Color, one of the most natural elements of our daily existence, can be hard to describe. We recognize and name certain broad categories of color, like "blue" and "yellow," but it is very difficult to formalize the notion of color so that you could observe, say, a blouse of a given color and then describe it to a friend so that they would have exactly the same picture in mind.
Nonetheless, for computer graphics to work, we must be able to come up with just such a description. In fact, we must go further than that and create an encoding for colors so that we can represent them in digital form as numbers. Fortunately, it turns out that light lends itself to such an encoding. A full treatment of color, including the properties of light that it represents, the way the eye perceives it, and the range of different representations for it is not important at the moment (see the useful links below for more detailed information).
For our purposes, it will be adequate to note that most colors we need to deal with can be represented as a combination of red, green, and blue intensities. That is, we will represent a color as three values: the intensity of red light in a given color, the intensity of blue light in a given color, and the intensity of green light in a given color. We call each of these component colors channels, and we call this system of color representation the RGB color space (or just RGB).
If we devote one byte for each type of color, then we can represent 256 different levels of intensity for each component color. In this scheme, when a given value is at its maximum (255), this is the brightest, most intense amount of that color that we can represent, and when it is at its minimum (0), this is the lowest amount of that color we can have contributing to the color.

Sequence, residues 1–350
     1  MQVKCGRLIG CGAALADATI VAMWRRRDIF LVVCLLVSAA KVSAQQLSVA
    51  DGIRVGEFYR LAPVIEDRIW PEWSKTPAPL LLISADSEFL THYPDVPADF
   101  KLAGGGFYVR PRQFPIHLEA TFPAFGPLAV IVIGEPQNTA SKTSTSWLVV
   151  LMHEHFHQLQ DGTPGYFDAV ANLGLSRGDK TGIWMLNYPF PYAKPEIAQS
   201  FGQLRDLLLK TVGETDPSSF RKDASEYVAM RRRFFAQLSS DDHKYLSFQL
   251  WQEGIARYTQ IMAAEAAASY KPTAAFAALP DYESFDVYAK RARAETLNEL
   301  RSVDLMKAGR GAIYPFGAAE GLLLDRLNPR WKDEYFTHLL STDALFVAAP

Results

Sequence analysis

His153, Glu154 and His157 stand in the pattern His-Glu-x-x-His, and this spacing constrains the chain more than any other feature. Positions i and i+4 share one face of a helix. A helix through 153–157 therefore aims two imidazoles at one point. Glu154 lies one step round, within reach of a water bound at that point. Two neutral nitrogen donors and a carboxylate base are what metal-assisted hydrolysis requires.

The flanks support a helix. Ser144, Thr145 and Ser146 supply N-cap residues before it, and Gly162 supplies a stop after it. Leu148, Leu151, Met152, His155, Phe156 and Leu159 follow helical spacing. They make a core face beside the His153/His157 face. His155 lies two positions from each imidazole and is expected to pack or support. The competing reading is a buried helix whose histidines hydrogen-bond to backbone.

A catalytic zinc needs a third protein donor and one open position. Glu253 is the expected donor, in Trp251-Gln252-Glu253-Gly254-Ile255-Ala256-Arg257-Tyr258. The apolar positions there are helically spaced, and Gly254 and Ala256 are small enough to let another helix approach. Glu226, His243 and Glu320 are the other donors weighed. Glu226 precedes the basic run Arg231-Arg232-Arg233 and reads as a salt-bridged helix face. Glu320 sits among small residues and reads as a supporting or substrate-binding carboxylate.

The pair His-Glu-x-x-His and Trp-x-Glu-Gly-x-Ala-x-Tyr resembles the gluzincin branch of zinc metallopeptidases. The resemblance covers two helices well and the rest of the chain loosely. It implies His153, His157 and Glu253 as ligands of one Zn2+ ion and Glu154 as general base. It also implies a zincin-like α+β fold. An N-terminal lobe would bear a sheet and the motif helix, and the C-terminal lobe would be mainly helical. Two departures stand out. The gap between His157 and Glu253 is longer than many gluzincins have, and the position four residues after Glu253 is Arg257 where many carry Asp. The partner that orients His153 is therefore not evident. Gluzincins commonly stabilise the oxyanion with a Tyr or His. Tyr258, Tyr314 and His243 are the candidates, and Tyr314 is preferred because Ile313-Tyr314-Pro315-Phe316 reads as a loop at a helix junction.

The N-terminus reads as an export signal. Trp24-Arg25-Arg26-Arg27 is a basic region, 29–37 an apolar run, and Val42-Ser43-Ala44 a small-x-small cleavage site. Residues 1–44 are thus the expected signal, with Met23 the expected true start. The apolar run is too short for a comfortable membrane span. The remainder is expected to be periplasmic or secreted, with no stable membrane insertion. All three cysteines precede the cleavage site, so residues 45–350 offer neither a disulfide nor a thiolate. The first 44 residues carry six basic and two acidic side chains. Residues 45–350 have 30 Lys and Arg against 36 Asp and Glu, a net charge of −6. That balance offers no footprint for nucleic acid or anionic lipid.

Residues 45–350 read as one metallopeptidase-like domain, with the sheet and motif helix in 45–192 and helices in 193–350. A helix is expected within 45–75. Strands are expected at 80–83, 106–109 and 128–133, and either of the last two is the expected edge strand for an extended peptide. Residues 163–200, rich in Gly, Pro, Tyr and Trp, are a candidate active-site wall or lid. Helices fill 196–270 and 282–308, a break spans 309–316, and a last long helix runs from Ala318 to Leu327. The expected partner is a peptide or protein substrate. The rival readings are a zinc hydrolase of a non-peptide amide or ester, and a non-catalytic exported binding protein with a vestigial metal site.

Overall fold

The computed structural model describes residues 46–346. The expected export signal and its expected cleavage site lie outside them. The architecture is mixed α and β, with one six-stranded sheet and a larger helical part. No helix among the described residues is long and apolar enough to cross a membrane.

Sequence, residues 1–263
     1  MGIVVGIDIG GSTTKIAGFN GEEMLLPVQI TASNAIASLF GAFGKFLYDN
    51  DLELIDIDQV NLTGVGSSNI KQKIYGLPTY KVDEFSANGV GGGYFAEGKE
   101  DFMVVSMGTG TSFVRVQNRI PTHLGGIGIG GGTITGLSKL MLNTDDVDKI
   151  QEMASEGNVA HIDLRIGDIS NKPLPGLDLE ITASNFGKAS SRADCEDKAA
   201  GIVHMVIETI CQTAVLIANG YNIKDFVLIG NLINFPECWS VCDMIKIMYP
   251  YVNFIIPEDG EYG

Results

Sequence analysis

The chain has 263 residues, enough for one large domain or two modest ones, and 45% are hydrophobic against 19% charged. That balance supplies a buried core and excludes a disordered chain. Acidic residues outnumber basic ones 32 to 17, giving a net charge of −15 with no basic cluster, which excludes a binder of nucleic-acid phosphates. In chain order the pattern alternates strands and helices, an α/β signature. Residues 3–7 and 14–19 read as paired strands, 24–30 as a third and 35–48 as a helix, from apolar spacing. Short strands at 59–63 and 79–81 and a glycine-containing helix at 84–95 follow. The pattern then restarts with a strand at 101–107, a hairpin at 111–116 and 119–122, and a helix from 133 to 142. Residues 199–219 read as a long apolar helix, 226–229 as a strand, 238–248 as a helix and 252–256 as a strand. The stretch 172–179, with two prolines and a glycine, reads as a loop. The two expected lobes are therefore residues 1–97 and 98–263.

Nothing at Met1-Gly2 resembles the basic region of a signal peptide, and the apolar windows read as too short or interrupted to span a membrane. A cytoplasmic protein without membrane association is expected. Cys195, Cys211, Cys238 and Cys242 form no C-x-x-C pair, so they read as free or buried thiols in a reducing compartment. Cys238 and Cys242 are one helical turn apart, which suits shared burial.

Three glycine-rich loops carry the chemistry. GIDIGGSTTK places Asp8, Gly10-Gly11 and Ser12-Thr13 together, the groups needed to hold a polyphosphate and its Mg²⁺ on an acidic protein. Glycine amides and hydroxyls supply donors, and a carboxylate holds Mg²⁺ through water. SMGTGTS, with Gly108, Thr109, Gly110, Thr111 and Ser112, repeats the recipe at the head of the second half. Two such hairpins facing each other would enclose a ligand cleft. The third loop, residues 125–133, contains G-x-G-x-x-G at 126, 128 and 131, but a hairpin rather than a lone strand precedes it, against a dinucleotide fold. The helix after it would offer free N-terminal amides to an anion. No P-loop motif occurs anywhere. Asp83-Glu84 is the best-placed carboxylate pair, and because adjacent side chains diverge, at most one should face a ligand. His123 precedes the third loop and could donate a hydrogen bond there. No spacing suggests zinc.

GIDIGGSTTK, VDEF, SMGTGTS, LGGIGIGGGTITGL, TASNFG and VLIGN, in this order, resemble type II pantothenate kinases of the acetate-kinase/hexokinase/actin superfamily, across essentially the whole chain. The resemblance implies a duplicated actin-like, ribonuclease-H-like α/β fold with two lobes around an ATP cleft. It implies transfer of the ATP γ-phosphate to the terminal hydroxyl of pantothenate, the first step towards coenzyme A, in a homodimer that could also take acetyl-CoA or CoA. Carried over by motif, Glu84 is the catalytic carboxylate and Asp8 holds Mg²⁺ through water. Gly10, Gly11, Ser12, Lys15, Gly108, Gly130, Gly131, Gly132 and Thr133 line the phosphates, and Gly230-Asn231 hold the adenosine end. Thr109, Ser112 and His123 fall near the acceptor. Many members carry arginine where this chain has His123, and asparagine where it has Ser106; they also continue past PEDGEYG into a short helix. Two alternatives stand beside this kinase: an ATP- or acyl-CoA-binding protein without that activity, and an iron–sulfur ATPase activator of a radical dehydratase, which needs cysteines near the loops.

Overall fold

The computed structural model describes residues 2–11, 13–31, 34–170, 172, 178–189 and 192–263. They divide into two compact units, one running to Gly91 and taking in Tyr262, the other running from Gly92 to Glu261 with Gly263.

Colors that are not one of the component colors can be represented by the correct combination of the component colors. For example, we can represent purple by setting the red and blue components to high levels, and while leaving the green component low or equal to zero.
A very important thing to understand in computer graphics is that when all three color components are all equal to the same value, the resulting color is a shade of gray. Specifically, when all three components are at the maximum level (255, 255, 255), we perceive the combined color as white, and when all three components are at the minimum level (0,0,0), we perceive the combined color as black.
It is also worth noting that our choice of one byte per color channel is fairly arbitrary. Other systems of representation use fewer or more possible values per color channel. Having three color channels of 256 possible values each results in about 16.7 million colors, but in real life we perceive many, many more. For example, if we have to represent a smooth transition from black to bright red (due to shadow, let's say), we would find that having only 256 discrete colors in between the two would result in visible "bands" of color if we were really concerned about image quality. Thus, computer graphics professionals in film production often allow tens of thousands of possible values for each of the three color channels. On the opposite end of the spectrum, to allow older computers to operate more efficiently, programmers would sometimes only allow 32 possible values for each of the red, green, and blue components. Even with only a few thousand colors to choose from, surprisingly realistic images could be represented.